And back again…
I fell down a hole in the internet watching Indian cooking programmes – a classic 90s series from the BBC and a more recent series on Netflix that was in Hindi with subtitles – and got side-tracked from my efforts to cook my way through my little Italian and Pasta recipe book. It was a very tasty detour, I made Matar Paneer again, along with a lovely dal – it’s been ages since I last cooked with urid dal and it’s such a good and different flavour even before you add the spices, nutty and fragrant – and a quick and dirty quorn korma, the leftovers of which ended up as lunch one day, wrapped up in a flour tortilla.
This week it’s been back on the wagon for Italian cooking and I’m back to working my way through the recipe book. First up I tackled a pasta frittata, I’ve never actually made frittata before so that was it’s own adventure. I cut the recipe down by half – largely because it called for six eggs and I only had three – and didn’t sufficiently cut back the pasta, so it was a bit, bumpy, on top rather than the even surface I’d hoped for. It was also supposed to be made with mackerel, which wasn’t happening, so I substituted quorn and also swapped out frozen peas and used frozen edamame beans instead. I ended up using my in-between sized frying pan – which I’d been debating whether to keep or not as I’d never previously used it – which proved the perfect size for the purpose. Though if I ever make a full sized frittata for guests, I’m definitely using my big frying pan, as it’s oven safe and I was a bit nervous of my wee frying pan’s handle when I realised it would need to go under the grill. (I left the handle sticking out and it was fine.) While I feel the recipe may need some further refining for my preferences, it makes a nice lunch or light summer dinner, particularly with some oven chips.
Having both mushrooms and leeks needing used up, I did a bulk cook of baked macaroni – unusually for me, I bought actual macaroni, as I needed more pasta anyway so saw no need to substitute – I must confess, I turned it into a more traditional pasta bake sauce, rather than a creamy mushroom and leek topping for the pasta, and used panko breadcrumbs I found in the cupboard instead of faffing around grating bread crusts and frying them, I did mix them with not!parmesan for a more authentic flavour. I do think I prefer crème fraîche as part of that kind of sauce – where you make a roux – rather than as the sole base of a sauce, it was creamy and indulgent here, whereas on it’s own in a sauce I tend to find it a little sour/tart tasting. I used about half the pasta, mushrooms and leeks the recipe called for and still ended up with enough food for four portions so I dread to think how much the full recipe would have made.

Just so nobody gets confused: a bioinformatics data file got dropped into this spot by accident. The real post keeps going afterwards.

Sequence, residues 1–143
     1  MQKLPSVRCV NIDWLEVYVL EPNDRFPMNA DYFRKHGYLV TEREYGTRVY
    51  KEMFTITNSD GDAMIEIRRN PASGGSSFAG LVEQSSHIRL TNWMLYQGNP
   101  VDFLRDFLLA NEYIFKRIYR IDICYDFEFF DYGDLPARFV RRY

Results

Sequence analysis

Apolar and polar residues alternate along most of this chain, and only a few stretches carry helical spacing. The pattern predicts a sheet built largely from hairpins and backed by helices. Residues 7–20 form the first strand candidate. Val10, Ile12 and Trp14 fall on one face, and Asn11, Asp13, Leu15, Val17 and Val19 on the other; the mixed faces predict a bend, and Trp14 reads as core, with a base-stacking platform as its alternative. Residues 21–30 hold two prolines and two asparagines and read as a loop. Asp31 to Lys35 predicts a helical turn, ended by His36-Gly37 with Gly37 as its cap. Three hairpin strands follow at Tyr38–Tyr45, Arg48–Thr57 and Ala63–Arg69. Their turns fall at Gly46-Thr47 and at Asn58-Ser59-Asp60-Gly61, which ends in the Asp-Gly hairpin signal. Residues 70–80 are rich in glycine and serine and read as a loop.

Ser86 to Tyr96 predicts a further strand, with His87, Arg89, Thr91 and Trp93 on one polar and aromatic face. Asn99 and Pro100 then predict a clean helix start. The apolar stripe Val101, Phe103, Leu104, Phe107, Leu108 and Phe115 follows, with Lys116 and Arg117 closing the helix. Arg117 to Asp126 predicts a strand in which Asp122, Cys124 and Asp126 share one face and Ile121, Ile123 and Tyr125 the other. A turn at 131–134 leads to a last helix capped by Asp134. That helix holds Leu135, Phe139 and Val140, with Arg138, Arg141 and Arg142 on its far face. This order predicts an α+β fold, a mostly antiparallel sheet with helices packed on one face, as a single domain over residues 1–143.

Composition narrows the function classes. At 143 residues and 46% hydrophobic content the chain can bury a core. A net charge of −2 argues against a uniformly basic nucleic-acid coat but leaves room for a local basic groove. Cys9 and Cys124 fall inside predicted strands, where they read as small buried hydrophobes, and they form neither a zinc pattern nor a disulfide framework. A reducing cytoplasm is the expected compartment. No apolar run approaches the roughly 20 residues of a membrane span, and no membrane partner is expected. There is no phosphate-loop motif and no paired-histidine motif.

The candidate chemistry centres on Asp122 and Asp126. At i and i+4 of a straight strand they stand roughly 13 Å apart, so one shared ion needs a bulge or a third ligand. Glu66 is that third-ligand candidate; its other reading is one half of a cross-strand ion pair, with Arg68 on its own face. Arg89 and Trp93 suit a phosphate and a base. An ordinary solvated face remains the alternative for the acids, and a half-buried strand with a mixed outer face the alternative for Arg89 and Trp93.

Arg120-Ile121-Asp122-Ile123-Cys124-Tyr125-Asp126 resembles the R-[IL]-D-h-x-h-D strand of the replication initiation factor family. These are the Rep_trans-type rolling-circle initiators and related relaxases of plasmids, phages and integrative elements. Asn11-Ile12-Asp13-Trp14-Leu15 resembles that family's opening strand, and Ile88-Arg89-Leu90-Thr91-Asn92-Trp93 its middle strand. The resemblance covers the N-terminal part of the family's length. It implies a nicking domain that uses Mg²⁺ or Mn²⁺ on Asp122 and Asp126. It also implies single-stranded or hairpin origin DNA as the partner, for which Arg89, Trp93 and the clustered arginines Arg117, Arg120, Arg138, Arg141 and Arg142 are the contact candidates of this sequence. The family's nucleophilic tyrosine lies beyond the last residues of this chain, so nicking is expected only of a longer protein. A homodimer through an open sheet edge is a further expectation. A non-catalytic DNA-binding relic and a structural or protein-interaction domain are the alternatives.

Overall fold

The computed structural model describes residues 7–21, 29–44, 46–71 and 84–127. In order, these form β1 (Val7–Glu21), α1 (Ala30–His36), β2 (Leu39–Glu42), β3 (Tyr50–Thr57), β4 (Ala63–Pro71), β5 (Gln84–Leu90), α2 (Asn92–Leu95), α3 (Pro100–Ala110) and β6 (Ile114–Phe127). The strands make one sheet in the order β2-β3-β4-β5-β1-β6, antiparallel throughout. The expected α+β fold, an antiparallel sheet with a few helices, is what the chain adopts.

One of the unexpected side pleasures of my meal planning adventures, is that I often have lots of left-over odds and ends in the fridge, that are ideal for throwing together more adventurous weekend brunches. On Sunday I had some ‘ripen-at-home’ apricots left and grilled them with a dollop of mascarpone I’d bought for another recipe, and drizzled with honey and it was revelatory. I’ve always considered mascarpone a rather bland ingredient – nice in a sauce but not really worth the extra cost – and rather cloying if you try and serve the leftovers with fruit or cake. However, whether it was the grilling itself, or some alchemy with the honey, but the combination of it and the grilled apricots was like an explosion of joy in my mouth – just divine.